There were also some right turns where you needed to cross four lanes of traffic to get to the left side of the road. At least two were unmanned, and given how busy the roads were, that's just irresponsible. Yes there's inherent risk to running on open roads, but given that some junctions early on had a police presence, it's baffling to me how other areas weren't identified as being potentially hazardous or problematic.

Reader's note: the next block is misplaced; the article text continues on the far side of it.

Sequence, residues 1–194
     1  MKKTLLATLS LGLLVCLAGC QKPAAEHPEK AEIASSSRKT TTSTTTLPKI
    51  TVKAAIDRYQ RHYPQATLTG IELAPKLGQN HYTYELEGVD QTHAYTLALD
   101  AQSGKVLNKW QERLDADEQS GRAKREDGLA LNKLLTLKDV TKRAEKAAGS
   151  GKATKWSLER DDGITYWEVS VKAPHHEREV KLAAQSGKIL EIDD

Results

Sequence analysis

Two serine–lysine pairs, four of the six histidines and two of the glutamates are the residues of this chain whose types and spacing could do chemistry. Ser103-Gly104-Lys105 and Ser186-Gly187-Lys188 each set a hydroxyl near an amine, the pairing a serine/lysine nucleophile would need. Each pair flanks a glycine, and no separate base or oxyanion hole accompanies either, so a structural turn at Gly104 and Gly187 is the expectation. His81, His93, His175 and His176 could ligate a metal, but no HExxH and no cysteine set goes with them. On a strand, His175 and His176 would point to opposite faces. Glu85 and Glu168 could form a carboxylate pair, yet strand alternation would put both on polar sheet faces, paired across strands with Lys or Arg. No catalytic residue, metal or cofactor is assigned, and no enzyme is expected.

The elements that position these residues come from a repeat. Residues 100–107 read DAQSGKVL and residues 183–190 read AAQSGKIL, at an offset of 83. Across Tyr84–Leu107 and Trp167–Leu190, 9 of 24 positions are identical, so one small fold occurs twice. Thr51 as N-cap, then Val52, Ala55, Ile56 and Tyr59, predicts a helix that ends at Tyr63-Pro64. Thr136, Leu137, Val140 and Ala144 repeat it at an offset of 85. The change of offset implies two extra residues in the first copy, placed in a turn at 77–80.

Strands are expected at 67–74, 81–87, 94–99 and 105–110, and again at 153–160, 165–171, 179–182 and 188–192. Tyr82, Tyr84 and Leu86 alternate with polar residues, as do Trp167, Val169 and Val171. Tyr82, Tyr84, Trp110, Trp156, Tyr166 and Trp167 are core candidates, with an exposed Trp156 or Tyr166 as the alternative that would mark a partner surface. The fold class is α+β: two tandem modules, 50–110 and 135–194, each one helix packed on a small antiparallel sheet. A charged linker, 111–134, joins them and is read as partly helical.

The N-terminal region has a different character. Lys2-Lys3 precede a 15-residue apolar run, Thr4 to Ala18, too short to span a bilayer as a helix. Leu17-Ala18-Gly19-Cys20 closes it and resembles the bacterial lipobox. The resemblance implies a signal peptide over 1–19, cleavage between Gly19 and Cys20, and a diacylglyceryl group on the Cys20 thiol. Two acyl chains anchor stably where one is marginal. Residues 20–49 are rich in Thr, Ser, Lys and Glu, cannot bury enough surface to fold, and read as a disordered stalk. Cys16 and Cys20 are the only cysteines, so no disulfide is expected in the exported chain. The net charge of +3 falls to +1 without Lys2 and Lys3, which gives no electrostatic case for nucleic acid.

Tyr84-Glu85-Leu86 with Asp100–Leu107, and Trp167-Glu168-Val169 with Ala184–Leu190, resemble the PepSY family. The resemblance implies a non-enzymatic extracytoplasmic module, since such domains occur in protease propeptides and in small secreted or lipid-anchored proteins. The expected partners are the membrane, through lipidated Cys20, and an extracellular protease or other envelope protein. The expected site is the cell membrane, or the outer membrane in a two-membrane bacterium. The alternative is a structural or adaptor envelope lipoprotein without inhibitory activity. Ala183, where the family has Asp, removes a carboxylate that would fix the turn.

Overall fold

Speaking of hazardous, many runners were absolutely desperate to find that advertised Maxfuel sports drinks and gels weren't available at water stations. I later found that those manning the water stations were told first thing that stocks hadn't emerged. I didn't hear a peep mentioned to the runners, which is just insanely complacent. I had gels and bottles on me, but the overwhelming majority almost certainly went the entire race without either, assuming they'd be provided. Some runners even turned to foraging wild berries for nutrition, as they'd otherwise have had absolutely nothing else along the entire route. A query about this was later responded to on Twitter, long after the race had concluded. Why no announcement? I had about 30 spare gels and two tubes of sports drink tabs in my hotel room that I'd have gladly shared had I known they were needed, and I don't doubt other runners would have done the same. As it happened, all I could offer any of the several increasingly desperate runners around me was the one spare gel I had on me. I noted that TV cameras and reporters were present, but I sincerely hope that a footnote of baddish publicity for a failed delivery wasn't the reason for what was a hugely significant absence. Imagine the adverse publicity from a fataility caused by a delirious runner, short on nutrition, staggering into the path of a car.